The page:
I'm hoping to contribute to the OpenWorm project by helping their efforts to parameterize the neurons in CElegans so the model elicits biologically realistic behavior.

The problem is I've got only five activity series datasets for all neurons in CE and I fear whatever model is trained on these datasets won't be an accurate model of the full space of neural activity in CElegans.

Can you give some ideas as to how the field works around this and where I can read about what methods are used to resolve this issue?

  • $\begingroup$ you do what you can. later people will refine it. that is the best you can do. all biophysically realistic computational models are woefully underconstrained at this point. $\endgroup$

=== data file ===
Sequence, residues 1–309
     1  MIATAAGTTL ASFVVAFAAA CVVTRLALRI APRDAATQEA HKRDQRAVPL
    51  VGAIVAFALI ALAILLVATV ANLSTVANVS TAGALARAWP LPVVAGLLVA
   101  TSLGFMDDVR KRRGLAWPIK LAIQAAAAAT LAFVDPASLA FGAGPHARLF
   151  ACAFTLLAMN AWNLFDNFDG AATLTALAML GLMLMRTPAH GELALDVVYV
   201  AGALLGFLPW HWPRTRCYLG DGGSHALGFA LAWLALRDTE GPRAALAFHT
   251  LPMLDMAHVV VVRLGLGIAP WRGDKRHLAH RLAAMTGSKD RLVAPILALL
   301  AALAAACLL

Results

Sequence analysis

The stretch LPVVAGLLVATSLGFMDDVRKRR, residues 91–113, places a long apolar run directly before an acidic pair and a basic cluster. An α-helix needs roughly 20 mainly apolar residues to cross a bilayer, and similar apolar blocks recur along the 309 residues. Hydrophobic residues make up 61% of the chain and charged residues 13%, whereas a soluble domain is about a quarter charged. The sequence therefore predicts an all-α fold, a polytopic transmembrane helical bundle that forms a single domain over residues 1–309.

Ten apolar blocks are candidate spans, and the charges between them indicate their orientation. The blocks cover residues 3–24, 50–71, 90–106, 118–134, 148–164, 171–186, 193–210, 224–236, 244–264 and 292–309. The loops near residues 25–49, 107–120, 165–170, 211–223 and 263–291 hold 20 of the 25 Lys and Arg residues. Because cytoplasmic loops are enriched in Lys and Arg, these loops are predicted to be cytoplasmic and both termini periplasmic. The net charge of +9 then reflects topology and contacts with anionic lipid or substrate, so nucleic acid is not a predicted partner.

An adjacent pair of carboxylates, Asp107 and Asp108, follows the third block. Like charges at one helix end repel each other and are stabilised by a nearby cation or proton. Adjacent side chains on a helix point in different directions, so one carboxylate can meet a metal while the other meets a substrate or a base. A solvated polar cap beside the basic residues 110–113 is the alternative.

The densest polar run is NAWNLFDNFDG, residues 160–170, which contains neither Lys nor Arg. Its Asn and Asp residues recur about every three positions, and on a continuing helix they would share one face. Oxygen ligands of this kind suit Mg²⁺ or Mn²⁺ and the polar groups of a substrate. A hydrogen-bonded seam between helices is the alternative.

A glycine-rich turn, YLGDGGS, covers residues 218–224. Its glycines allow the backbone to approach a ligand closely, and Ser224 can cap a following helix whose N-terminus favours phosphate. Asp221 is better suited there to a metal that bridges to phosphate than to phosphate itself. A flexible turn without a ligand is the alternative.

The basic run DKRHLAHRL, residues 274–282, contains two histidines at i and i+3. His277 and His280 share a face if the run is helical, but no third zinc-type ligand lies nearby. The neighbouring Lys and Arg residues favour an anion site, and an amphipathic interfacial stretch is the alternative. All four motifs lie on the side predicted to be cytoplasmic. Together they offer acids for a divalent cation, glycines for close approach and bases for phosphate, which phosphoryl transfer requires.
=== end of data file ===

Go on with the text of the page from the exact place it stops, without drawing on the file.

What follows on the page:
– honi
    Mar 29, 2016 at 16:10
  • $\begingroup$ So what is the worth of your model then? $\endgroup$ Mar 29, 2016 at 18:23
  • 1
    $\begingroup$ well there are several benefits. one is that with a model you can explore the effects of changing unknown parameter values, potentially providing predictions for what those parameters should be. another is that with a model, you can do experiments that you couldn't do in an actual animal because you actually have access to all of the relevant variables. it doesn't give you a slam dunk answer but it gives you another perspective on the problem. the model can also be iteratively refined by making predictions, testing them experimentally, and then improving the model based on those experiments. $\endgroup$
    – honi
    Mar 30, 2016 at 15:11

1 Answer 1